Letter: Follow Iceland’s lead

Thursday, January 11, 2018
Follow Iceland’s lead

On Jan. 1, Iceland became the first country on the planet to mandate that women be paid the same wage as a man for doing the same work. For the past nine years, Iceland already had been ranked by the World Economic Forum as the world’s most gender-equal country from the 144 countries analyzed.

In contrast, the 2017 Global Gender Gap Report stated that the United States fell to 49th on this list, down from 45th last year and 23rd just 11 years ago. Our country is only 77 percent of the way to gender parity in economic opportunity, a gap that’s been narrowing, but not as quickly as in other countries.

The “why” is obvious. The WEF states in the report that “gender parity is fundamental to whether and how economies and societies thrive. Ensuring the full development and appropriate deployment of half of the world’s total talent pool has a vast bearing on the growth, competitiveness and future-readiness of economies and businesses worldwide.”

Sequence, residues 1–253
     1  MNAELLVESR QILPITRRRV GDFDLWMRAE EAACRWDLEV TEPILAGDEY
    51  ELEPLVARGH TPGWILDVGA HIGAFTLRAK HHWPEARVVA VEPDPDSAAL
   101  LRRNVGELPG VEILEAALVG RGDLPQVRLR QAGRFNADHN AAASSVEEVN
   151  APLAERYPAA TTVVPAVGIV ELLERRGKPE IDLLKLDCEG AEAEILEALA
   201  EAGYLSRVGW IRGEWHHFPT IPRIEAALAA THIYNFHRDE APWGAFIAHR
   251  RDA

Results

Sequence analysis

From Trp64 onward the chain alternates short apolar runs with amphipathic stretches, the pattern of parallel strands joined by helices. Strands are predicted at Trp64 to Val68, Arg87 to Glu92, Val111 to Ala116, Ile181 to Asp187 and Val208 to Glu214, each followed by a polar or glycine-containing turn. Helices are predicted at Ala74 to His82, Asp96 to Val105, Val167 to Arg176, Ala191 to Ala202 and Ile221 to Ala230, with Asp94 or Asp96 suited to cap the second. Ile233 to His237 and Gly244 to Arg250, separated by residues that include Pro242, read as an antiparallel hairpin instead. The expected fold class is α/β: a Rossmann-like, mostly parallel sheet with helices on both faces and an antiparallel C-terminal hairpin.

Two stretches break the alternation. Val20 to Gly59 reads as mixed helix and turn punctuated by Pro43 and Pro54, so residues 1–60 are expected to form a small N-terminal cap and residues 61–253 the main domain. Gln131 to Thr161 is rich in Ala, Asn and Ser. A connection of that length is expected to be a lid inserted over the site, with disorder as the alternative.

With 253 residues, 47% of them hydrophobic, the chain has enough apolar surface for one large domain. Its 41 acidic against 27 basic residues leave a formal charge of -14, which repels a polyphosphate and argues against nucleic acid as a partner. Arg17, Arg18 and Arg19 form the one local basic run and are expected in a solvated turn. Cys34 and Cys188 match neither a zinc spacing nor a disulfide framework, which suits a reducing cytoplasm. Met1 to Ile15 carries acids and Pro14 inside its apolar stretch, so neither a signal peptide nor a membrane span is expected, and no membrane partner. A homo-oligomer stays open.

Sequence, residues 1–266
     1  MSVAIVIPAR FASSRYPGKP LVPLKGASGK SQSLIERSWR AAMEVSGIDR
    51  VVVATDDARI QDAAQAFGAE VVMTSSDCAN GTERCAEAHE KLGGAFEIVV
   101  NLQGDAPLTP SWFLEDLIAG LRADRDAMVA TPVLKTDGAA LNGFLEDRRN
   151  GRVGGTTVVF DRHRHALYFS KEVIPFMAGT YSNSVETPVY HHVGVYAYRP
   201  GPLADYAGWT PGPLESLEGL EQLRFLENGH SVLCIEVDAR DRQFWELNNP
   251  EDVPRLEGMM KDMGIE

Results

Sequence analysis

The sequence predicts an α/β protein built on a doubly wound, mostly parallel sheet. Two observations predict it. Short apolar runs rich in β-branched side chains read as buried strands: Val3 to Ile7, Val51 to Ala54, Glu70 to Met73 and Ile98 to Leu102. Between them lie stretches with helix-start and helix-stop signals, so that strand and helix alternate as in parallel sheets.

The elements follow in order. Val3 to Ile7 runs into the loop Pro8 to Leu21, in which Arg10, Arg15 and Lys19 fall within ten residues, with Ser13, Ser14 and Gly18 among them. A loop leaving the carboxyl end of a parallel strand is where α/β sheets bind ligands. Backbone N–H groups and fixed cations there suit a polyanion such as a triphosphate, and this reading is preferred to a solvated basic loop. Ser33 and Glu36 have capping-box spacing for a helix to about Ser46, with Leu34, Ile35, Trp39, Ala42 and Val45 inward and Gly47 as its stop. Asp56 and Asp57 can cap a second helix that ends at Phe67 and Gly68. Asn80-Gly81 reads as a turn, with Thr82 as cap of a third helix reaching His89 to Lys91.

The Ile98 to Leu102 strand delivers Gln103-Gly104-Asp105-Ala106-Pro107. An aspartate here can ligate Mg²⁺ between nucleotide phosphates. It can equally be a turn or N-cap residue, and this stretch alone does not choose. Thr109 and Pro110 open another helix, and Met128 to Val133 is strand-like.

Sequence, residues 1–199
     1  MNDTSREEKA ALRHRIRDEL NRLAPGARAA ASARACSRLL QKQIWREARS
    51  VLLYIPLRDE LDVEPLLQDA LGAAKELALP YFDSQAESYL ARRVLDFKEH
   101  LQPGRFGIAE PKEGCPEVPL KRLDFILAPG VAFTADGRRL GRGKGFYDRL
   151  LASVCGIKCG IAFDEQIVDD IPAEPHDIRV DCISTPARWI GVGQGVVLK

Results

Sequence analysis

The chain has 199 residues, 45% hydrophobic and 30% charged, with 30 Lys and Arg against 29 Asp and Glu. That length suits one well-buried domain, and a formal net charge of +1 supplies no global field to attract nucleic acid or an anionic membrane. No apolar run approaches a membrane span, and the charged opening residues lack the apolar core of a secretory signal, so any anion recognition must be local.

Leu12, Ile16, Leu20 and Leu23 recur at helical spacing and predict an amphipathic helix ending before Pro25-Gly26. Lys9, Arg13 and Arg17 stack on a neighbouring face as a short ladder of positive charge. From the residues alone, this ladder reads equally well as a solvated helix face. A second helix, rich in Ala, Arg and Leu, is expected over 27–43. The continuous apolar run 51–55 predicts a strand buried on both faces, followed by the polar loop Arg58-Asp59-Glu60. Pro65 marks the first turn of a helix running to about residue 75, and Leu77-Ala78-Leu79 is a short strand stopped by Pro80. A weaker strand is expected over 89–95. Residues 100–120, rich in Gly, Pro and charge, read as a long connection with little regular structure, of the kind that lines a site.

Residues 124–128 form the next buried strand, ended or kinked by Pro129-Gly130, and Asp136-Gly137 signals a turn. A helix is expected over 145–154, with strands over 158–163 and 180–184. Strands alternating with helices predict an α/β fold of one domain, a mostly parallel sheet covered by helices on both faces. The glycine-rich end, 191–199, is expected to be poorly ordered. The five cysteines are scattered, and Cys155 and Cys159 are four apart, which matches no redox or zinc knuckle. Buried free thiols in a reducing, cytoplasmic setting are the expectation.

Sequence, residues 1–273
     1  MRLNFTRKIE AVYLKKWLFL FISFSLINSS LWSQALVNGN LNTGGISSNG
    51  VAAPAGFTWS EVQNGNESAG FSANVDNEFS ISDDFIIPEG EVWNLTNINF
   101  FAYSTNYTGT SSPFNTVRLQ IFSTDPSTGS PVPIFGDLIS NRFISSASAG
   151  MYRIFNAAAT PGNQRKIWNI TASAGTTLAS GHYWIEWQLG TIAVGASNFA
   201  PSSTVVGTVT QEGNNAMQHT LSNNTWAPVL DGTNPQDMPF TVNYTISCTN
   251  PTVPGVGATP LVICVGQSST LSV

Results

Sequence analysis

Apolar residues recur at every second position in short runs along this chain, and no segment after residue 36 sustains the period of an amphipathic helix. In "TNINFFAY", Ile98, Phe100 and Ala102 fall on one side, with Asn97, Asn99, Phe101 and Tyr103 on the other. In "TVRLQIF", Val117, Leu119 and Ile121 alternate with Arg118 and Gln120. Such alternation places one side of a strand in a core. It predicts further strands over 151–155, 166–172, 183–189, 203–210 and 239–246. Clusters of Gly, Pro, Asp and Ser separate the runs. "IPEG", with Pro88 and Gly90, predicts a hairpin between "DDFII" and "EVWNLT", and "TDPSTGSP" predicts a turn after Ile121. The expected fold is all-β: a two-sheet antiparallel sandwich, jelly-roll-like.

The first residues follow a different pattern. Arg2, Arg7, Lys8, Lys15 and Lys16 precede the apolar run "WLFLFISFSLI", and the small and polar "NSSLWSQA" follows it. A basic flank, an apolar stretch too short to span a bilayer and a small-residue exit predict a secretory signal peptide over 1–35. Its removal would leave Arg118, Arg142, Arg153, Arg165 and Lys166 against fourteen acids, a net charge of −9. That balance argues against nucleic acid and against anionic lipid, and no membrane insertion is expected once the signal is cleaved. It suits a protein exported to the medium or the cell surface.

While we celebrate that physical and sexual assault of women is finally being revealed as the evil that it is, let us not forget that women also continue to be discriminated against and abused economically. The report by Lean In and McKinsey & Company, “Women in the Workplace 2015,” looked at the economic value of gender parity. That report concluded that “if the (slow) rate of progress over the last three years continues, it will take 25 years to reach ‘gender parity’ at the senior VP level and more than 100 years to reach parity in the corner suite.” Isn’t it time for the U.S. Congress to step up and match the courage and commitment of the Icelandic Parliament – where, not surprisingly, half the members are women – and bring economic equality, stability and security to 100 percent of our population?